Link Between Ivory Price Drop and China’s Trade Ban Questioned
By Michael Schwartz
The conservation organization Save the Elephant’s recent claim of a strong association between the sharp decline in raw ivory prices and Chinese President Xi Jinping’s September pledge to close China’s domestic ivory markets may be inaccurate, says Daniel Stiles, a conservationist and veteran ivory researcher based in Kenya.
According to Stiles, Save the Elephants’ founder and CEO Iain Douglas-Hamilton commissioned a study on the price of ivory in order to verify the findings of an earlier study funded by the Wildlife Conservation Society (WSC) and led by Stiles.
The WCS study, “An Analysis of Ivory Demand Drivers,” by Stiles and coauthors Rowan Martin, Brendan Moyle, and Wei Ji, has not yet been published, but a draft version was previously available. (The full report by Save the Elephants, led by researchers Esmond Martin and Lucy Vigne, also hasn’t yet been published.)
Stiles notes that his team’s findings of drastically reduced prices of raw ivory occurred well before China made the announcement that it would close domestic markets.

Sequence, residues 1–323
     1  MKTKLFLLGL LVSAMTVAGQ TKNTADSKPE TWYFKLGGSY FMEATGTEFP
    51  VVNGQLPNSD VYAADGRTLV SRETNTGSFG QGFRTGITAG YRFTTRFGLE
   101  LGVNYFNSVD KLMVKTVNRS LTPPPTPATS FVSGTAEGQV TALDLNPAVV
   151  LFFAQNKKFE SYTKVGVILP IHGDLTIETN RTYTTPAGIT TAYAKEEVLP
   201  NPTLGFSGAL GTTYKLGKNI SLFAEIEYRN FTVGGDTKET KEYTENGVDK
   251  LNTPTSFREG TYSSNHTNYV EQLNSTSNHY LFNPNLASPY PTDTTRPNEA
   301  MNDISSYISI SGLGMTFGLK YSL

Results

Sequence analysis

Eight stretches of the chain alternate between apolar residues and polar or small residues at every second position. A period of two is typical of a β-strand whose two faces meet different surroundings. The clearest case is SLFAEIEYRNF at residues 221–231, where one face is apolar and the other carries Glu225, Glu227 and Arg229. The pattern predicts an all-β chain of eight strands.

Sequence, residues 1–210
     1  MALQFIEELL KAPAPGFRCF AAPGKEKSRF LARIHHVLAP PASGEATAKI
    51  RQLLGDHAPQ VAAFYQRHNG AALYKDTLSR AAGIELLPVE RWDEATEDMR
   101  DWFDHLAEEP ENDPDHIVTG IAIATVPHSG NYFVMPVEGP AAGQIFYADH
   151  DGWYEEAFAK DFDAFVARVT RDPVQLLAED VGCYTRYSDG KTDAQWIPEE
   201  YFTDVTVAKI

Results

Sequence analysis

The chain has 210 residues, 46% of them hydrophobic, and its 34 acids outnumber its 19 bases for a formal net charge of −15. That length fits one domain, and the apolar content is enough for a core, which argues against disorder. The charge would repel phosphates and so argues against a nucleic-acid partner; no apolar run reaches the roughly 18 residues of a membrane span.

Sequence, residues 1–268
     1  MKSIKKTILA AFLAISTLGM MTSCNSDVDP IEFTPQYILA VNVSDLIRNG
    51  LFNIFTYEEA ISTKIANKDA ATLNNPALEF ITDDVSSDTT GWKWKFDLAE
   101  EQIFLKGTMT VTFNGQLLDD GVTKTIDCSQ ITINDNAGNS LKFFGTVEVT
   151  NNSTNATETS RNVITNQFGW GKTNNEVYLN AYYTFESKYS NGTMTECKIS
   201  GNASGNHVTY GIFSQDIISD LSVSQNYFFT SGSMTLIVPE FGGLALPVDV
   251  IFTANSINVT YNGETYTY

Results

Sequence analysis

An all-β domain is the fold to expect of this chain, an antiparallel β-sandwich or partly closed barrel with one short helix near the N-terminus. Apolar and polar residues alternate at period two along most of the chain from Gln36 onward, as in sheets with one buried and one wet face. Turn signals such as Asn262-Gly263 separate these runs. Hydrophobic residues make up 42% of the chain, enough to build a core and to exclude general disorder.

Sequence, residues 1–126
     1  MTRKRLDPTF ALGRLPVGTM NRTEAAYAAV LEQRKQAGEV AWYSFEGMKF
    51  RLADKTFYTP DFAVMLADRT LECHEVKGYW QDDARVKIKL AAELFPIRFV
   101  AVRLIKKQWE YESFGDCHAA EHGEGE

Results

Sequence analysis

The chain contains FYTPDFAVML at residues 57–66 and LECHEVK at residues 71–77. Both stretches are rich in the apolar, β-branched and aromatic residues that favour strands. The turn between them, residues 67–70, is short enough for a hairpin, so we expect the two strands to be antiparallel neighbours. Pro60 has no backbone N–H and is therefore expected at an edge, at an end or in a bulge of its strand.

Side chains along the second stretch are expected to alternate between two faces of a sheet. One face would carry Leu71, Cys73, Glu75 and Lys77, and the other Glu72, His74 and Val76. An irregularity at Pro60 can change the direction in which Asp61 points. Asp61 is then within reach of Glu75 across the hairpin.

“[Save the Elephants] knew that prices had fallen by more than half in May, because I told Esmond Martin the results of [the WCS] study,” Stiles says.
“We found that black market prices in May had crashed to $442 per pound ($973 per kilogram). I even sent him a copy of the report for his comments. So to say that the price drop occurred in November partly as the result of the Chinese government’s pledge to ban ivory trade is disingenuous.”
According to the WCS study, raw ivory prices rose from 2008 to 2012, primarily because Chinese investors “shifted from stocks and property to commodities,” coinciding with the global financial crisis.
It wasn’t until 2013 that the price of ivory began to fall, which also coincided with Chinese investors getting out of commodities as economic conditions improved.
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